GS Yuasa’s improved cells: LEV50 vs LEV50N

GS Yuasa LEV50-4 module

In the summer of 2012 Mitsubishi MiEV’s French brothers, Citroen C-Zero and Peugeot iOn started using a battery with reduced capacity, 14,5 kWh (80 cells) instead of 16 kWh (88 cells). Nonetheless, Mitsubishi i-MiEV kept the 16 kWh battery.

At the time PSA said that cars would keep the previous range because the regenerative braking was now more efficient. However, there was a change in battery cell chemistry and LEV50 was replaced by LEV50N. A change of electrolyte that allows it to be more heat resistant, similar to what happened in the Leaf with the lizard battery. The Ragone curve (battery efficiency) also improved.


We have developed new large sized 50 Ah lithium ion cells with specific energy of 110 Wh kg for electric vehicle (EV) applications. The cells were redesigned on the basis of advanced technologies optimized composition of lithium manganese oxide positive active material and adoption of electrolyte additive. The cells exhibit excellent performances namely, the high rate discharge capability at 6 C rate at 25 °C is 96% based on 0.2 C rate, and the retained discharge capacity is 90% after 700 cycles under the condition of D.O.D. 100% at 45 °C.

The new product has higher durability in a hot environment and more than two times longer life under given conditions.


These new cells retain 80 % of the initial capacity after 5.500 charge/discharge cycles (100 % DOD @ 25°C).


GS Yuasa LEV50N data sheet


When buying a used C-Zero or iOn, go for the 14,5 kWh battery, the new cells are superior to the old ones used in the previous 16 kWh battery. Moreover, since the battery efficiency improved a lot (see the Ragone curve in the PDF documents) you’ll be able to get the same range.

However, only in 2015 the Citroen C-Zero and the Peugeot iOn got the battery warranty increased from 5 years and 50.000 km to 8 years and 100.000 km. Therefore you might want to avoid buying an used unit that was registered before 2015.

As I mentioned before the Mitsubishi i-MiEV kept using a 16 kWh battery but it also had its cells upgraded. When buying a used i-MiEV, choose one that was built after the summer of 2012 to be sure that you get the newer cells with increased lifespan.



More info:

Pedro Lima

My interest in electric transportation is mostly political. I’m tired of coups and wars for oil. My expectation is that the adoption of electric transportation will be a factor for peace and democracy all over the world.

16 Responses

  1. Thanks for clarifying the differences in C-Zero/iOn battery and regenerative braking technology in comparison to the i-MiEV.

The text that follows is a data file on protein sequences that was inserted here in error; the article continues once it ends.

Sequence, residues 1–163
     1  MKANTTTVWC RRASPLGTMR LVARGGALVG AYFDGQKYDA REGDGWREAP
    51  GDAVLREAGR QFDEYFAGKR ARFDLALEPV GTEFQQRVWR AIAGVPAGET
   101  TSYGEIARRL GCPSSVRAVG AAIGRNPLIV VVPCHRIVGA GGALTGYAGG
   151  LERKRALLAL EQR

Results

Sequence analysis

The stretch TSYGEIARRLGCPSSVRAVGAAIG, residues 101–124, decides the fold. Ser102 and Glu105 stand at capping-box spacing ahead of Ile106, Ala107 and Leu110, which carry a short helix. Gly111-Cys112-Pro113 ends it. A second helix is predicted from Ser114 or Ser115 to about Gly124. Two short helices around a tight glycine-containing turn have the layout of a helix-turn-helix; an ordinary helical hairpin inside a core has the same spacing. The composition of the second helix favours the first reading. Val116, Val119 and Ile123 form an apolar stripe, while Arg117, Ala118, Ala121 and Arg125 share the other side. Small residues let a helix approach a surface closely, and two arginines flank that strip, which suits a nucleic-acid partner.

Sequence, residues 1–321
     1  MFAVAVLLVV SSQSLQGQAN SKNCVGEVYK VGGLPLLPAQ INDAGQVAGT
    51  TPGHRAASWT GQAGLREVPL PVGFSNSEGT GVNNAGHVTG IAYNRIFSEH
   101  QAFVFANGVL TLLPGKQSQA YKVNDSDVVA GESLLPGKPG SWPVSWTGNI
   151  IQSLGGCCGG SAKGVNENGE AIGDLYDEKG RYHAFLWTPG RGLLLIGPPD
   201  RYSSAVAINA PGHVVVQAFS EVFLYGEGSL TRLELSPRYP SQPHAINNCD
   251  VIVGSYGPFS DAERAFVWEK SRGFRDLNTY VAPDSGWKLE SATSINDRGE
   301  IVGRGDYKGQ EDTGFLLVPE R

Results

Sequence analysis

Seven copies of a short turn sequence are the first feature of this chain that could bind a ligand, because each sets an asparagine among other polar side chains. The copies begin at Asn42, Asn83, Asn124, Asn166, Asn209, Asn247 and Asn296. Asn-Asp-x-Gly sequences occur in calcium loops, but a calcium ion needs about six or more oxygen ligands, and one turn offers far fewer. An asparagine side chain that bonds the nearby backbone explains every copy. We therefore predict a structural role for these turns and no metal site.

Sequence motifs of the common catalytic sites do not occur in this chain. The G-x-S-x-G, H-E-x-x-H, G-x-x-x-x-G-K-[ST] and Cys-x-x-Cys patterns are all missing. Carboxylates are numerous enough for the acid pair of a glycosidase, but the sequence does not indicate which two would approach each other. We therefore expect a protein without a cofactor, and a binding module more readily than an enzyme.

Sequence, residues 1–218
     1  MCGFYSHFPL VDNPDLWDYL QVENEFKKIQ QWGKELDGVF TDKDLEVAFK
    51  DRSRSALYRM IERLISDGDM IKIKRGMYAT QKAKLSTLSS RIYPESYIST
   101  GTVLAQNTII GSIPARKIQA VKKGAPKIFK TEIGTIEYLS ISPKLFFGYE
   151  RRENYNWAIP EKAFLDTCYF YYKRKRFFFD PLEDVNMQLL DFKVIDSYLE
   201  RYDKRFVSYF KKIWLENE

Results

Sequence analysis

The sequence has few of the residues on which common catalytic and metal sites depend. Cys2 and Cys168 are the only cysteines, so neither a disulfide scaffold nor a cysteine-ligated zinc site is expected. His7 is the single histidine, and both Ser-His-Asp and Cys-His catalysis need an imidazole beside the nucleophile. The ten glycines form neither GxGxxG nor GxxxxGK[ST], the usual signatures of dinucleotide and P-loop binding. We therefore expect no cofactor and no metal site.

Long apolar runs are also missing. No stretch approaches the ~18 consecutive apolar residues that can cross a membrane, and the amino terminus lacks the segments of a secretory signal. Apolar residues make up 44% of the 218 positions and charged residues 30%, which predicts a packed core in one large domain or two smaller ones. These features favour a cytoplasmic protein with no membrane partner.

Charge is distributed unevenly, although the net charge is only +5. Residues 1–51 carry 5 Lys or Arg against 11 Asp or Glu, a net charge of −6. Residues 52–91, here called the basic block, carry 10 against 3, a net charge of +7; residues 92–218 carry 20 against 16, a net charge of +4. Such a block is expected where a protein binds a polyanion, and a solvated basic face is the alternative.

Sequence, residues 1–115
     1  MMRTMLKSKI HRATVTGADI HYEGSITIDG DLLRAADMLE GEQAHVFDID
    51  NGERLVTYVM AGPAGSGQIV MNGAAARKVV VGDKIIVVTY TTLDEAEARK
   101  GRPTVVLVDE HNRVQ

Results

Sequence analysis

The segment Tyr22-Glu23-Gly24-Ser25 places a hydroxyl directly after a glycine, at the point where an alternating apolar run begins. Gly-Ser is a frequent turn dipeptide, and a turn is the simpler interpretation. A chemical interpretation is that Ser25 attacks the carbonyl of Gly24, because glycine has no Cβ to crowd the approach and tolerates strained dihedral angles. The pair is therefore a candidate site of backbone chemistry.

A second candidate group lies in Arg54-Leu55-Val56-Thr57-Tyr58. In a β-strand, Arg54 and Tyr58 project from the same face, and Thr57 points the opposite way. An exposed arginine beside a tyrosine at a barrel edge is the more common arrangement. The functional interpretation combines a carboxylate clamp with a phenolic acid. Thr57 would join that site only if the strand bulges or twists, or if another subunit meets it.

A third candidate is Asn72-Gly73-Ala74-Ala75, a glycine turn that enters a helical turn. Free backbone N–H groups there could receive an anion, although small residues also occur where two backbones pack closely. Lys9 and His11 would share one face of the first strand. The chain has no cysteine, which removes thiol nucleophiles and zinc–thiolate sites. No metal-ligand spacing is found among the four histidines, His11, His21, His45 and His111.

I just discovered your blog today and will be checking back often.

  2. Ralf K says:

    Pedro, please correct the second link to refer to:

  3. Sapin says:


    I see on youtube that all cells can be replaced by cells with more capacity, and the total capacity become 33kw :


  4. alessandro says:

    The charger and the controller are able to charge and discharge a 100Ah battery? Or they recognize only a 50Ah battery?

  5. kenny says:

    That utoube video is stolen from the owner, it was made to show how to replace a single defective cell. That was Martin’s car, the co-creator of the Canion app.

    The capacity of the miev is limited in the operating system firmware, there is a program value for maximum capacity. So even replacing the cells with higher capacity (e.g. 100Ah) will not increase the range.

  6. Claus says:


    Is it possible to see if a car is with the new or old chemistry with CanIon or other places?



  7. Claus says:

    To answer my own question. If the battery capacity is 14.4kwh then it is the new battery chemistry! (16kwh and it’s the old)
    The capacity can be seen under the engine lid on the battery pack it self. Or in the instructions manual.

  8. Paul says:

    Second Life EV Batteries do have LEV50 Cells and Modules for sale if you were looking for one

  9. alessandro says:

    Are you sure about this? I saw an Outlander PHEV with bigger batteries with increased range

    • Paul says:

      @alessandro where did you see an Outlander PHEV with bigger batteries. This is something i really keen to do myself to a Outlander PHEV. do you know if it was online. any links to it. Its unclear to me at moment if the Outlander PHEV software will recognise a bigger pack capacity or if you would need to find a way to switch packs over when one gets low if running more than 1 pack.

  10. Lorenzo Rizzardo says:

    Good evening, I am in possession of a 2011 I-miev Mitsubishi and obviously over the years the road that I can follow with a full charge has decreased. Where can I buy cells to replace damaged or exhausted ones?

  11. Jayme Capurso says:

    Thanks for posting this info, I am very keen on getting a MiniCab….

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